Banks often run promotions or “behavioral campaigns” to elicit a certain action. The most common is to get a customer to try a new product such as an interactive teller, mobile app or to enroll in a loyalty program. Other uses include educating a customer on a new procedure (such as account access during an integration) or to provide additional information (such as an email). For any bank looking to run such a program, the data below will open your eyes and provide insight into how your bank can be more effective.
The Overarching Lesson
Recent research from the digital marketing firm HelloWorld found that the key to an effective behavioral campaign is to keep the reward and the required action simple. Ask a bank customer to complete a 10 question form, and you might get a response rate of 15%. However, if you just ask for an email address or a social media follow, and that participation level can shoot up to above 50%.
Below are participation statistics on some of the more popular campaigns. Asking for a branch or product review in exchange for a $5 gift card and you can see participation levels in the eighty percent range. On the other side, requiring a customer to share content on social media, has a much lower percentage.
Types of Reward
Of course, the type of reward matters. Contrary to most banker’s instincts, the data shows that it is better to give away a $5 gift card for the action rather than a chance to win $10,000. Surprisingly, younger age groups prefer a firm reward, while the 60+ age cohort was the only segment that would rather have a chance to win $10,000.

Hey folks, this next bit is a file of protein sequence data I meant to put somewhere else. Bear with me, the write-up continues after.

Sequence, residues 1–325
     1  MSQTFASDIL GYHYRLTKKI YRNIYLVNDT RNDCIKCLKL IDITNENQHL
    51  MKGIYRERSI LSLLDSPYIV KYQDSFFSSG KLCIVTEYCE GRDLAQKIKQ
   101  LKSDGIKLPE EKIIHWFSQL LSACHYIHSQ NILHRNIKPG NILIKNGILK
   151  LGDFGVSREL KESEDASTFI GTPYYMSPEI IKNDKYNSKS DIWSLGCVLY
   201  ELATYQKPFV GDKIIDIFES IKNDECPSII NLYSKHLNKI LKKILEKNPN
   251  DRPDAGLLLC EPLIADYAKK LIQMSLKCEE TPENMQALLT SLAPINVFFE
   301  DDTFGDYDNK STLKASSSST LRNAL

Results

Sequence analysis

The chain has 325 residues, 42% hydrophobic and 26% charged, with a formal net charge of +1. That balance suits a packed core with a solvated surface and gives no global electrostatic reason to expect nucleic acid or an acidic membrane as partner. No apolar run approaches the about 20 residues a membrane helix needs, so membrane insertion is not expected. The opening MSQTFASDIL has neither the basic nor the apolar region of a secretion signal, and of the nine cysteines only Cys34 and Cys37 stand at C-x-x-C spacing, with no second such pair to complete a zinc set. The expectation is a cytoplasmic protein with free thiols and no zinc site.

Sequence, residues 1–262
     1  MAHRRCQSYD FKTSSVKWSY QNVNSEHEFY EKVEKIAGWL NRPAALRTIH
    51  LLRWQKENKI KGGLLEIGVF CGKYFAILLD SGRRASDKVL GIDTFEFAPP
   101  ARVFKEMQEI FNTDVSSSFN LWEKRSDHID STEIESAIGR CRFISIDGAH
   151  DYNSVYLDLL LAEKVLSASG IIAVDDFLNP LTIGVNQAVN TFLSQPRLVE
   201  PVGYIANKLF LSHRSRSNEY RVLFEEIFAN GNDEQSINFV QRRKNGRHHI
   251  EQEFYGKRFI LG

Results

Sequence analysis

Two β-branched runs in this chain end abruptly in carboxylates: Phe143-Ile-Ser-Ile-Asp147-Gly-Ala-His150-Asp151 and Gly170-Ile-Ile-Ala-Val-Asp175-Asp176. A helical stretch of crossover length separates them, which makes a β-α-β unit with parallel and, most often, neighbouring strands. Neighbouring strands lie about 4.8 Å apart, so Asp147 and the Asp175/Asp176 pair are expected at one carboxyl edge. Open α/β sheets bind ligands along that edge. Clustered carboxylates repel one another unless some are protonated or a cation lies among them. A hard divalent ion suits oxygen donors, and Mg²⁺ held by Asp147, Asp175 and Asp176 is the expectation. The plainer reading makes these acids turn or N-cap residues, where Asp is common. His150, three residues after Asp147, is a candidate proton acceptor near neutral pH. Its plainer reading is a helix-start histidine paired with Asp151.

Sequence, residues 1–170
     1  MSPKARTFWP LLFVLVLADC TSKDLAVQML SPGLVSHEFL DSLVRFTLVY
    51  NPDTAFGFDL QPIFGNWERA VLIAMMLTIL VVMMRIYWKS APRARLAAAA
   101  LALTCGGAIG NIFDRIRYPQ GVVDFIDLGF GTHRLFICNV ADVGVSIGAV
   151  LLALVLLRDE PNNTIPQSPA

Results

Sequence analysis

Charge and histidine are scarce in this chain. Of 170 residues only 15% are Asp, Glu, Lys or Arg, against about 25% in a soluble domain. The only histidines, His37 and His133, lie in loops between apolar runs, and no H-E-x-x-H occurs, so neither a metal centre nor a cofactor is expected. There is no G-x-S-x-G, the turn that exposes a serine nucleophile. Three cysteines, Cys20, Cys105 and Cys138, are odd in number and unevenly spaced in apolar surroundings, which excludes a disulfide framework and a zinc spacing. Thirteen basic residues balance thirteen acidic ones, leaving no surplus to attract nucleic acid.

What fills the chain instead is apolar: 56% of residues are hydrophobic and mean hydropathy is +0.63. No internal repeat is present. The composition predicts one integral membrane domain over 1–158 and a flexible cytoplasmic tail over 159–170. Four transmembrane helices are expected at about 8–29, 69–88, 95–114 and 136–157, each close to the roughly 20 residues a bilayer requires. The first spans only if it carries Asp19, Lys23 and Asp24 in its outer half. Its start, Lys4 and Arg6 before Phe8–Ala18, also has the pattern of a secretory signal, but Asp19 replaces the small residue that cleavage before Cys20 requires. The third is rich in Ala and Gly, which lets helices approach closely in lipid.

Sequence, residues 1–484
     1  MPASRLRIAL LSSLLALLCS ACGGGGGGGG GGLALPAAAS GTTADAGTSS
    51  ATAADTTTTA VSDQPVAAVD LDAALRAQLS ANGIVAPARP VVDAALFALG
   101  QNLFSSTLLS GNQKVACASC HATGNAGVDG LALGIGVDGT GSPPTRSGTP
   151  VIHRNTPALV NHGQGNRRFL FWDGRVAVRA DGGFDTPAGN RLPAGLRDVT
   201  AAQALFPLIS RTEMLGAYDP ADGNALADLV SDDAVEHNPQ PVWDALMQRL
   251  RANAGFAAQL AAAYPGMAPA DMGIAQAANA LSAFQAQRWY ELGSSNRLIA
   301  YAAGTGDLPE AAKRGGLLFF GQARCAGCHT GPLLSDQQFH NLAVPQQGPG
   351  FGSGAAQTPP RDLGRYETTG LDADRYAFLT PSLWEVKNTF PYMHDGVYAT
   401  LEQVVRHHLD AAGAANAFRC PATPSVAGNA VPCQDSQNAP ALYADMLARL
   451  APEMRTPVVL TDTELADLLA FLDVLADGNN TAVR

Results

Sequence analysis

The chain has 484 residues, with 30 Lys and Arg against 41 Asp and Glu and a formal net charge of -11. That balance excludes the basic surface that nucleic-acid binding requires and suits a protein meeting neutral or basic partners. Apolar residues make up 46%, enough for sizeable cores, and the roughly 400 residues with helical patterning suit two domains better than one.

Looked at another way, all age groups prefer rewards that make their life easier. There has been a recent shift away from offering a chance to win a luxury ski trip, an Apple watch or other high-end good and a shift towards prizes that help the customer save time or streamline their lives.
Finally, various reward types were tested, and the Visa Gift Card was the overwhelming favorite while a bank credit was least desired. It turns out, there is little satisfaction gained by a credit to a bank account credit whereas a Visa Gift card would provide more satisfaction while the customer figures out where to spend the credit. Below, is a breakdown, by age group, of which common rewards were preferred.
Putting This Into Action
This data can help banks become more effective in their marketing as promotion response rate can dramatically be increased. The takeaways here are that banks should leverage credits to products such as a debit card, credit card, or payment platform to best drive behavior while customizing the campaign to match the income and age demographic. Also, instead of a chance to win a price, banks should consider providing a firm credit for specific actions. Make it simple for the customer to take the desired action and banks can vastly improve the performance of marketing promotions used to drive desired behaviors.
Submitted by Chris Nichols on December 17, 2018